# dmesg |grep g_serial
[    0.000000] Kernel command line: bcm2708_fb.fbwidth=640 bcm2708_fb.fbheight=480 bcm2708_fb.fbdepth=16 bcm2708_fb.fbswap=1 vc_mem.mem_base=0x1fa00000 vc_mem.mem_size=0x20000000  dwc_otg.lpm_enable=0 console=ttyAMA0,115200 console=tty1 root=PARTUUID=51c4565c-02 rootfstype=ext4 elevator=deadline fsck.repair=yes rootwait modules-load=dwc2,g_serial
[    4.765063] g_serial gadget: Gadget Serial v2.4
[    4.771694] g_serial gadget: g_serial ready
[    4.777739] dwc2 20980000.usb: bound driver g_serial
[    5.253329] g_serial gadget: high-speed config #2: CDC ACM config

Check that the g_serial special device file is present

# ls -l /dev/ttyGS*
crw------- 1 pi tty 245, 0 Sep  7 19:53 /dev/ttyGS0

Check that systemd started the console service on the g_serial ttyGS0

# systemctl status getty@ttyGS0
  ● getty@ttyGS0.service - Getty on ttyGS0
   Loaded: loaded (/lib/systemd/system/getty@.service; enabled; vendor preset: e
   Active: active (running) since Thu 2017-09-07 19:41:20 UTC; 10min ago
     Docs: man:agetty(8)
           man:systemd-getty-generator(8)
           http://0pointer.de/blog/projects/serial-console.html
 Main PID: 310 (login)
   CGroup: /system.slice/system-getty.slice/getty@ttyGS0.service
         ‣ 310 /bin/login --

Sep 07 19:41:20 raspberrypi systemd[1]: Started Getty on ttyGS0.

On the host GNU/Linux machine

Check that the host has registered the serial OTG device

sudo dmesg | grep cdc

[ 7887.020889] cdc_acm 1-1:2.0: ttyACM0: USB ACM device
[ 7887.021079] usbcore: registered new interface driver cdc_acm
[ 7887.021080] cdc_acm: USB Abstract Control Model driver for USB modems and ISDN adapters

Check that the host system has created the special device file for the OTG connected device

sudo ls -l /dev/ttyACM*
crw-rw---- 1 root dialout 166, 0 Nov 22 09:18 /dev/ttyACM0

Connect to the device using your favorite terminal program. I prefer minicom... However, your device has particular permissions and group assignment. If you wish to use it as a non-privileged user, you will need to make sure that your user is included in the group. In my example, the group is dialout... and my user can be added to that group using this command:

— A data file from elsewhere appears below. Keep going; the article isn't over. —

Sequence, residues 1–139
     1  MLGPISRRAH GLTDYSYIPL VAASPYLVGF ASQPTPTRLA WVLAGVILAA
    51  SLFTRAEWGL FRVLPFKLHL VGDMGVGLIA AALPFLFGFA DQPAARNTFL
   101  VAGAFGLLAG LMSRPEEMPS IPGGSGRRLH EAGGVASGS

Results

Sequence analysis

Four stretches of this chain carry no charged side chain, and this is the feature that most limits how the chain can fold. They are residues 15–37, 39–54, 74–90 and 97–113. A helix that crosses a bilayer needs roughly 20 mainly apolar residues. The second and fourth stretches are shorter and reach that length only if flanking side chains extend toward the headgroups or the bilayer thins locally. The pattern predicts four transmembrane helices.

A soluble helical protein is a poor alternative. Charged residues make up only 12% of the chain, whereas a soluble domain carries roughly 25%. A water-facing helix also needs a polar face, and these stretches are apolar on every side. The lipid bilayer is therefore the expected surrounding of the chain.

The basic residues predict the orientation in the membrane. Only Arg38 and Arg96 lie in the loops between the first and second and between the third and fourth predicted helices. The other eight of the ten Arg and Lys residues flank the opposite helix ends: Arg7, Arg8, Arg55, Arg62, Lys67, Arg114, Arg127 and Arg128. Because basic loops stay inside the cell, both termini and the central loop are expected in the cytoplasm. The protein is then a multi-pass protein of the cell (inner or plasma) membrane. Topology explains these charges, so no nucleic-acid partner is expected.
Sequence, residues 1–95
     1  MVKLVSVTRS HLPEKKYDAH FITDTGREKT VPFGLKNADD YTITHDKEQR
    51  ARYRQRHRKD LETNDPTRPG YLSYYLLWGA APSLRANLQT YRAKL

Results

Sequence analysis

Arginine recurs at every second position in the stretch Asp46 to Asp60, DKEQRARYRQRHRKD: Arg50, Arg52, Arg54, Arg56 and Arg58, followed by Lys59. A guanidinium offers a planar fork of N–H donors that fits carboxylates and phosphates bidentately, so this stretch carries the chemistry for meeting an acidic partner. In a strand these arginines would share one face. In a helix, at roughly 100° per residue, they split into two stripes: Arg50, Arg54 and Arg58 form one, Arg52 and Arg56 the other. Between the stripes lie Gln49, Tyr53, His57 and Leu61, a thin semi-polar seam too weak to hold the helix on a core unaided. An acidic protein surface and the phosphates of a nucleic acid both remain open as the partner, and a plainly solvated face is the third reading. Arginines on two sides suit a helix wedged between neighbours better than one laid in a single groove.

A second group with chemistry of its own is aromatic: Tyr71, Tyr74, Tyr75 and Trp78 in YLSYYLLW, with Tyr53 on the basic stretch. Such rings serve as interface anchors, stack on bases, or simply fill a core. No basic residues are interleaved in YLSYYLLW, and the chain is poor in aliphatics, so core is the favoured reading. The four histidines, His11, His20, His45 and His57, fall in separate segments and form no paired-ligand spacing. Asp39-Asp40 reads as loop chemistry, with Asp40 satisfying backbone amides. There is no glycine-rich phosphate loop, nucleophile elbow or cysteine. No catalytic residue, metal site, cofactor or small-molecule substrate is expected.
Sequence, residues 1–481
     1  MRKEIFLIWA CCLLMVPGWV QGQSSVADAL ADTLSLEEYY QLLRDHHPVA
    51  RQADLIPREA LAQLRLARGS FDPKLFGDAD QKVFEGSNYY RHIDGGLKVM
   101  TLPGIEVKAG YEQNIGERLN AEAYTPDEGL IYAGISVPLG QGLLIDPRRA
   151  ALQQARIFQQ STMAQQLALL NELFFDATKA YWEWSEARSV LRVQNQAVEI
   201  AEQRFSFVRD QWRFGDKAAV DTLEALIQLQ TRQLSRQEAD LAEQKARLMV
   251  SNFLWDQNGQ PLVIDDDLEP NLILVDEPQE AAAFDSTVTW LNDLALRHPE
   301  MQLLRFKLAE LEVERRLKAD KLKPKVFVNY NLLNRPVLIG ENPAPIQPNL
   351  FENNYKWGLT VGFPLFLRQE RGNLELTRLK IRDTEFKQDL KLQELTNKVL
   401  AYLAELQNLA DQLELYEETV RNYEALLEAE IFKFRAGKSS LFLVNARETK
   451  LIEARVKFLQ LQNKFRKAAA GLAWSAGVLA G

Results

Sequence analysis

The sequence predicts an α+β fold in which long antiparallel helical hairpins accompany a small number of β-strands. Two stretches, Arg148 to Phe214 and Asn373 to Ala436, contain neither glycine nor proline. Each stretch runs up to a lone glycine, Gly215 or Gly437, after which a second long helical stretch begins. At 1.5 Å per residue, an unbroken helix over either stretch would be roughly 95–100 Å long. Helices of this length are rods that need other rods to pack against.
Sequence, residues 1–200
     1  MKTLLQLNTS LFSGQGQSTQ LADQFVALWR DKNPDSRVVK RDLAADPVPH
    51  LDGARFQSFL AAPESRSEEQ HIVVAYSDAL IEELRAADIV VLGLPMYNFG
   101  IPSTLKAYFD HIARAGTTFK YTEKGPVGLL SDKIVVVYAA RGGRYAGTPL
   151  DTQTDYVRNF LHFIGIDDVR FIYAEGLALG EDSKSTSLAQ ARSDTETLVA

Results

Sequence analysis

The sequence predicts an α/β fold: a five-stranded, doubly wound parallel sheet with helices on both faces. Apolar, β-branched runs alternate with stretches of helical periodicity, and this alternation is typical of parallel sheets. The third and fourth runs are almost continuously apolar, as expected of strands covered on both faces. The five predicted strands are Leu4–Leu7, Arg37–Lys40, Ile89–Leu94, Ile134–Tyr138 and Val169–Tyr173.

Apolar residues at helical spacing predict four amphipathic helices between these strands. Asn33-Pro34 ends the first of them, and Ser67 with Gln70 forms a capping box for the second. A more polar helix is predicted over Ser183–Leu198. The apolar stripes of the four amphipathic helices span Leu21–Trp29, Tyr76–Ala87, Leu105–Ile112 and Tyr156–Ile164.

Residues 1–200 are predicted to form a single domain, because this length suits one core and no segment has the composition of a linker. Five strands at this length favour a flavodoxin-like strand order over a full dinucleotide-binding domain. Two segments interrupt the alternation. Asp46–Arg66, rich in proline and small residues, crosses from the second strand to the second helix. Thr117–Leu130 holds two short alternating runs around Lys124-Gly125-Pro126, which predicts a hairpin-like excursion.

sudo usermod -aG dialout user

Hopefully this debugging and setup guide helps.

1

Try /dev/ttyACM0. My laptop is running Ubuntu, and, when plugging RPi 0 W, nothing fancy happened, but I managed to listen to it by that port: ACM0.

1

Check the cable you are using. It looks like you are trying to connect to the Pi from your PC with an OTG cable. You should use a regular USB-micro cable instead. Just connect the PC to the "USB" port on the Pi and don't connect anything to the "POWER" port. It will get enough power from the host.

I spent a lot of time myself debugging my config, when I was actually using a USB-micro cable that was only suitable for charging. You need a fully wired one. Test this by hooking up an other gadget (your Smartphone?) and see if the PC and that gadget see each other. I used my e-reader. Using the first cable, it just started charging. Using the second cable, the e-reader asked me wether I just wanted to charge or connect to my PC as a storage device. Needless to say, when I hooked up the second cable to my Pi Zero, it turned out my config was already working!

Your Answer

By clicking “Post Your Answer”, you agree to our terms of service, privacy policy and cookie policy

Not the answer you're looking for? Browse other questions tagged or ask your own question.